So impressed was I with the creative manoeuvres behind the trailers for my Kimi books, I asked the man himself to tell us a bit about himself and how he managed to do such a great job.
Ladies, gentlemen and chilblains, give it up for the music man himself Mr Olly Martin…
When bestselling author John Hudspith asked me to write something for his “Kimi” blog, I grabbed my keyboard in excitement, then my dyslexia gremlin pointed out “You’ve already written Kimi’s theme scores, he means words, paper, pens, text and typing you idiot!” Damn it. I thought I’d done a deal with God about that hideous subject. You can’t be into everything and I’ve always been into music.
I grew up in one of those households where the grown ups stood around a piano singing and getting merry. I remember at the age of four, wondering how a violin created such a beautiful sound. My dad told me it was horsehair and that intrigued me even more! I pestered my mum to buy me one, a violin that is, not a horse and (would you believe) my godfather happened to work in a classical instrument factory so instead of a plastic toy, four year-old me was given a £2,000 professional violin. Mum decided she had obviously given birth to a 21st century Mozart and ordered me to have lessons. No pressure! My other favourite toy was the huge Steinway in the hall. It seemed only natural to have piano lessons too.
But it didn’t stop there. At the age of ten, the music teacher at school proudly unveiled a shiny new drum kit. Everyone took turns to bash away, as kids do, and when I had my go out popped a 4/4 drum rhythm complete with a fill-in. Everyone looked surprised, including me. Mr Harper came rushing over and said “Good God, Oliver, how long have you been playing the drums you dark horse?” I replied “About a minute, Sir.”
Now studying 3 instruments, I became a member of the East Berkshire Youth Orchestra. At 16 I won the prestigious Arthur Catterall Cup Award for most promising young Violinist, reached grade 8 on the piano and was session drummer for several bands. By the time I reached my twenties I started to mix a classical obsession with the digital world. I ended up sleeping in a room full of keyboards, computers, monitors and mixing desks. Something had to give and it did. I released a dance record that sold enough copies to fund and build a recording studio – my dream come true – and I’ve been rattling around in it ever since.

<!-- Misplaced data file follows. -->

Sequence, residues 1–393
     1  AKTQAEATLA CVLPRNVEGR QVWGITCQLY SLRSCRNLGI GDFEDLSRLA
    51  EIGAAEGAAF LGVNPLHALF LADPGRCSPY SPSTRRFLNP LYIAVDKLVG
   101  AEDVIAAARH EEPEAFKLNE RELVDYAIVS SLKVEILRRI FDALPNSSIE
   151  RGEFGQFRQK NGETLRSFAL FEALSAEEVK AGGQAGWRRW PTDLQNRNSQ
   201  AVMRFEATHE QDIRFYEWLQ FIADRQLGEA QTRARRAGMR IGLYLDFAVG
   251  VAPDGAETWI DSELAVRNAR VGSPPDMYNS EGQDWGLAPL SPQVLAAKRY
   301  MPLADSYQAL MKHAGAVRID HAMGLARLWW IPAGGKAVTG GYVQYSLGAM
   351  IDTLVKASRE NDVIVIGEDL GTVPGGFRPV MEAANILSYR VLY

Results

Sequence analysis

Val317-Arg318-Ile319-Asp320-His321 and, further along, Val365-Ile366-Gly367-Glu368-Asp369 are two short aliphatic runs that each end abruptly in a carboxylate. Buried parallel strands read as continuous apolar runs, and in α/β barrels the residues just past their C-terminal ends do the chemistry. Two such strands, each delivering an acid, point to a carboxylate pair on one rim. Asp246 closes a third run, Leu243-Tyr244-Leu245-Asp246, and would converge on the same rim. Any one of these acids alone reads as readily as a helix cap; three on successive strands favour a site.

I have written music extensively for TV, film and multimedia productions over the years, creating scores for anything from mobile phones to big charity ads, computer games to films, all of which broadcast worldwide. To write frame accurately, i.e. put music to images, the necessary ingredients are my Apple Mac book computer, a keyboard and editing software called Logic Pro. Job done! The process for creating a book trailer is virtually the same.
When I read Kimi’s Secret I was inspired. I wanted to add a new dimension and bring her to life musically. The childlike sound of the glockenspiel started to haunt me, it seemed to capture Kimi’s innocence. Then the sound of cheeky children taunting ‘na-nana-naa-nah’ popped into my head. I grabbed hold of the idea and ran to my keyboard before I would forget and that’s when the real fun began.
I wanted to create a cinematic epic feel, a soulful cello sound, mystical but with a modern funky twist to keep you with Kimi on her journey. I started working on that ‘simple’ idea until it grew into something much more complex and profound. The glockenspiel ‘na-nana-naa-nah’ evolved into a catchy hook, one that I knew would stick in people’s minds, instantly recognisable after just one listen. Kimi’s soundtrack was created.
The soundtrack for Kimi’s Fear was even more challenging. The storyline demanded it be menacing and darker with driving tension and a ‘Close Encounters’ feel to bring the greylians to life. It needed to be exactly the same yet somehow completely different and nothing like the twinkly childlike almost nursery rhyme feel of Kimi’s Secret.
How did I do it? By understanding the rudiments of music and knowing how orchestral instruments work their magic to create feelings and moods. Keeping the same notation, thereby retaining the original Kimi’s Secret score but using contrasting instruments Kimi’s Fear was born. Finally, a “Kimi” theme was alive… and singing!
You can hear and see examples of my work at:-
Kimi’s Secret trailer: http://www.youtube.com/watch?v=v8qja1e0bFU&list=ULxxMpXzN7HwU&index=1
Kimi’s Fear trailer: http://www.youtube.com/watch?v=xxMpXzN7HwU&list=UL